NEW YORK (TheStreet) -- September and October have traditionally been the worst months of the year for stocks. The S&P 500 fell 10.9% in September 2002 and 16.8% in October 2008. This year, odds are good that another seasonal dip will occur. With the economic outlook uncertain, any setback could send investors running.
If stocks plummet, should you buy? Yes, says Dan Wiener, editor of
The Independent Adviser for Vanguard Investors
newsletter. Buying on dips has long been a successful strategy, he says.
Wiener studied the market going back to 1983 and found that there were 50 instances when the
lost 3.5% or more in a single day. In 41 of the cases, the market recorded gains in the following 12 months. The biggest one-day decline occurred Oct. 19, 1987, when the S&P lost 20.5%. In the next year, the market gained 27.0%. After losing 9.0% on Oct. 15, 2008, the S&P gained 24.1% during the next 12 months.
To take advantage of big downturns, investors with diversified portfolios should put money into all their stock holdings. But some funds are especially safe ways to bet on a rebound. Wiener looked at how individual Vanguard funds performed following the big down days. Among the best performers were balanced funds, which hold mixes of stocks and bonds. The fixed-income stakes provided protection because bonds stay in the black most of the time.
Vanguard Wellesley Income
, which keeps about 60% of its assets in bonds and the rest in undervalued blue chips. Current holdings include
E.I. du Pont
. Wellesley recorded a gain in each of the 12-month periods that followed a big one-day loss. On average the fund gained 15.9% during the recoveries.
Another top choice was Vanguard Wellington, which has about 40% of assets in bonds and 60% in unloved dividend-paying stocks. Holdings include
United Parcel Service
. Wellington stayed in the black in all but two of the 50 recovery periods and delivered an average gain of 20.0%.
Both Vanguard funds are fine choices. For investors who shop outside Vanguard, a strong balanced selection is
Manning & Napier Pro-Blend
. The fund excels in downturns by holding high-quality bonds and a diversified mix of stocks that include growth and value names.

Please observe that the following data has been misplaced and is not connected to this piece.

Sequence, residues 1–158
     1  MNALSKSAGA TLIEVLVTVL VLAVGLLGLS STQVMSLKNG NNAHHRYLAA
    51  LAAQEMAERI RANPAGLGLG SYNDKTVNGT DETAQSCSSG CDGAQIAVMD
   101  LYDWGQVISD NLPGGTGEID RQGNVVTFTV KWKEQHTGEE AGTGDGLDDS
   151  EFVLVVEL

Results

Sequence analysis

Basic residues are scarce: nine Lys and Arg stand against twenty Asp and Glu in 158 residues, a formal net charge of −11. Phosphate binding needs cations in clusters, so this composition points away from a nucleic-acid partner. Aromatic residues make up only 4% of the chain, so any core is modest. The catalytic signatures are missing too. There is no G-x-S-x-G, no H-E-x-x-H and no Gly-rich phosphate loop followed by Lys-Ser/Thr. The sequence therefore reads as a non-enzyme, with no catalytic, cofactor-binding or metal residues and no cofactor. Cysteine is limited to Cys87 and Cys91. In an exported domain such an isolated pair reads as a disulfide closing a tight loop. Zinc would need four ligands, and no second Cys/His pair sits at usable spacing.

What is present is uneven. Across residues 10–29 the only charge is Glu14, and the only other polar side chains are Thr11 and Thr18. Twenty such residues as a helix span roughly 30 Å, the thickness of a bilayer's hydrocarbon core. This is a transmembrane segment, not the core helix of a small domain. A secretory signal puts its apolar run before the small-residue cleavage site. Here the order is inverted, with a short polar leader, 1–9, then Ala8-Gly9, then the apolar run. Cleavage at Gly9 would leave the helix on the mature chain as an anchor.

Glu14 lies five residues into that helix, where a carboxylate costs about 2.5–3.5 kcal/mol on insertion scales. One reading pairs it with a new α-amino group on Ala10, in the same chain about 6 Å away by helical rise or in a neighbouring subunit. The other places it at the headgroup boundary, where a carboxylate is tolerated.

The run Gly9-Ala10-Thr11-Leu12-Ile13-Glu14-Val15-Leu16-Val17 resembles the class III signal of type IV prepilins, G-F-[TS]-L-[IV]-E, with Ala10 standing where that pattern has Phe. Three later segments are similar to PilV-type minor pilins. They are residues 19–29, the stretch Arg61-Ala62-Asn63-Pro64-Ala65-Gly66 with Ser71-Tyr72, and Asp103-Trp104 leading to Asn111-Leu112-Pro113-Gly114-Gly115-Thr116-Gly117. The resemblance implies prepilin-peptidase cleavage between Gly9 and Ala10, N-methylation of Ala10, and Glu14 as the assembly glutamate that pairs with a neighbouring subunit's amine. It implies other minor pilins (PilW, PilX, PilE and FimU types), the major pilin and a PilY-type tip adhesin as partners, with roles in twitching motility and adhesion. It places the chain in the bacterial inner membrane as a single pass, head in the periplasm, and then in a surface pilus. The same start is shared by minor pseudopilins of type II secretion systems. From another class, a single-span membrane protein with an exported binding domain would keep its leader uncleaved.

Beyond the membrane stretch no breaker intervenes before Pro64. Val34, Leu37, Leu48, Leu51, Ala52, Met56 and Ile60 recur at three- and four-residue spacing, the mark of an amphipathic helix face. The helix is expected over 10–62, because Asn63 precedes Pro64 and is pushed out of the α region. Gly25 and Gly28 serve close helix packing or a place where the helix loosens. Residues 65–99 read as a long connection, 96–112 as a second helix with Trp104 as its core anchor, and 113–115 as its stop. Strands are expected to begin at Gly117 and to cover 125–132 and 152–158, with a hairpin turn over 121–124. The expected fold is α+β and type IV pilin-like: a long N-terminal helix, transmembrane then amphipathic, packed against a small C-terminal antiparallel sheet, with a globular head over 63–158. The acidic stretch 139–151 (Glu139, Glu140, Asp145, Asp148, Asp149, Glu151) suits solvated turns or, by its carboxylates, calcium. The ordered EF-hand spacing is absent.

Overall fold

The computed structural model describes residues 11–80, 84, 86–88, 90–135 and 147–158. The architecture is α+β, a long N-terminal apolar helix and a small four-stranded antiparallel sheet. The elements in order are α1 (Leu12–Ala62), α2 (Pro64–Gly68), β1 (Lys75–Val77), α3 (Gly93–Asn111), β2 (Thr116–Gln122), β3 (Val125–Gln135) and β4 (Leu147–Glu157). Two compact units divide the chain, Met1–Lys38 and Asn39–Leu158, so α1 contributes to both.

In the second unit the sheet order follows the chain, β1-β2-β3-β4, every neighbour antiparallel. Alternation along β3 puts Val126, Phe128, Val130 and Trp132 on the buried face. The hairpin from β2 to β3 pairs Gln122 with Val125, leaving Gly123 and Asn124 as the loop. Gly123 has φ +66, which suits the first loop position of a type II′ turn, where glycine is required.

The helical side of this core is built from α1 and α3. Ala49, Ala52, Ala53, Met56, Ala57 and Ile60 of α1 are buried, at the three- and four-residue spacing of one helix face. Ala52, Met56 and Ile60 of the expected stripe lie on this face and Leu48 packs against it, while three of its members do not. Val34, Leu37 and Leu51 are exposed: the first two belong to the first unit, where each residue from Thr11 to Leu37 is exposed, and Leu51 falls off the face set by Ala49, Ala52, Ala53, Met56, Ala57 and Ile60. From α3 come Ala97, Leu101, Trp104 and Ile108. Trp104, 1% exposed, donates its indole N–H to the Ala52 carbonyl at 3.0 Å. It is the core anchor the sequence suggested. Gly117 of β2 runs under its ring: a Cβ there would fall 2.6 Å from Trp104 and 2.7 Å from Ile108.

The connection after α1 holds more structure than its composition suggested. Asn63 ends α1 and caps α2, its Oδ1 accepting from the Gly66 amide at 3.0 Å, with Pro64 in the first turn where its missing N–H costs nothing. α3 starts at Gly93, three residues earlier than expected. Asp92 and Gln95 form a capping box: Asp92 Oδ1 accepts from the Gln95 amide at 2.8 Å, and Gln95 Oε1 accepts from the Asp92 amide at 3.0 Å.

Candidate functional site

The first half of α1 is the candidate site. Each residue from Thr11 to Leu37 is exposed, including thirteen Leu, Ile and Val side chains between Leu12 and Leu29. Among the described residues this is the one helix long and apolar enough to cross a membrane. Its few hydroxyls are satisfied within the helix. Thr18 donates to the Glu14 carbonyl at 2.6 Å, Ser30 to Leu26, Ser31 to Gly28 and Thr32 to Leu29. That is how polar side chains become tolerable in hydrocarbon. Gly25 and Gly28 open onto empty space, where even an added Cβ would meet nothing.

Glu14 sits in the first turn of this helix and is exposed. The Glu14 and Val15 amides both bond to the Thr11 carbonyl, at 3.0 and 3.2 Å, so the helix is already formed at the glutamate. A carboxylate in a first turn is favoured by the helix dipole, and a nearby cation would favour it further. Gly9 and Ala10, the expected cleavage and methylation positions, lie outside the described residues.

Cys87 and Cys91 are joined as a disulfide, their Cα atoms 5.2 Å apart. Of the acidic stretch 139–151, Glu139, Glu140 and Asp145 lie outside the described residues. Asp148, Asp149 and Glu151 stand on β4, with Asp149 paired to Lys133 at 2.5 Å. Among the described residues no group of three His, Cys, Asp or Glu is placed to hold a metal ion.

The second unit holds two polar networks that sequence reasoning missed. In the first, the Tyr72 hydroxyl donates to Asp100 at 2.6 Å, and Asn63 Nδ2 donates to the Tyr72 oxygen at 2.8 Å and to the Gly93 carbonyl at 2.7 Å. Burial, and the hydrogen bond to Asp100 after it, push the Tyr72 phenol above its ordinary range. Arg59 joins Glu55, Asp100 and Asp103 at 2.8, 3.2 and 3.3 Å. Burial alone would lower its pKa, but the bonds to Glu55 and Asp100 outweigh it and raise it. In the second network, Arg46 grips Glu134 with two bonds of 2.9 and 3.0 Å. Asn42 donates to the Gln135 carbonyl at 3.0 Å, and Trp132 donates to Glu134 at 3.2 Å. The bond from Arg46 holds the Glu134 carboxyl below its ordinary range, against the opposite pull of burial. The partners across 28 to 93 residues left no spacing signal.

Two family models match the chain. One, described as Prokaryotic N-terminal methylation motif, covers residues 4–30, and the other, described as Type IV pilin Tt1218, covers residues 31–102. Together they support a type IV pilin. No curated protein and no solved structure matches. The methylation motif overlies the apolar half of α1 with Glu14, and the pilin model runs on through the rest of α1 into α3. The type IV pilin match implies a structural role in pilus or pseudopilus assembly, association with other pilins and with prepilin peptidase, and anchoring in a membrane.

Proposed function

Wiener's study suggests that investors who want to bet on a rebound can fine-tune their approaches. Those who crave safety can stick with low-risk balanced funds. More aggressive shareholders can try funds that are almost entirely in stocks. On average, stock funds recorded bigger gains during rebounds -- and suffered more losing years than balanced funds did.
, a large-value portfolio, gained an average of 29.2% during the recovery periods, but suffered six losing years.
Vanguard International Value
returned 27.6% and recorded eight losing years.
Investors who seek a middle ground should consider convertibles funds. During the 50 periods in the study,
Vanguard Convertible Securities
only had four losing years, yet the fund delivered a strong average gain of 23.7%.
Convertibles could be an intriguing choice for today's market conditions. Convertibles are bondlike issues that can be converted to stocks. The securities are hybrid instruments with qualities of bonds and stocks. Convertibles typically yield more than stocks and a bit less than bonds. Vanguard Convertible currently yields 4.0%. The rich yield helps cushion convertibles funds during market downturns. When stocks rise, convertibles tend to climb.
For a resilient choice, consider
. The fund has outdone most competitors in downturns and delivered decent results in bull markets. That kind of consistent performer can be an ideal choice for investors who seek funds that can cushion portfolios during hard times and rally in bull markets.
Follow TheStreet.com on
and become a fan on
Readers Also Like:
Stan Luxenberg is a freelance writer specializing in mutual funds and investing. He was executive editor of Individual Investor magazine.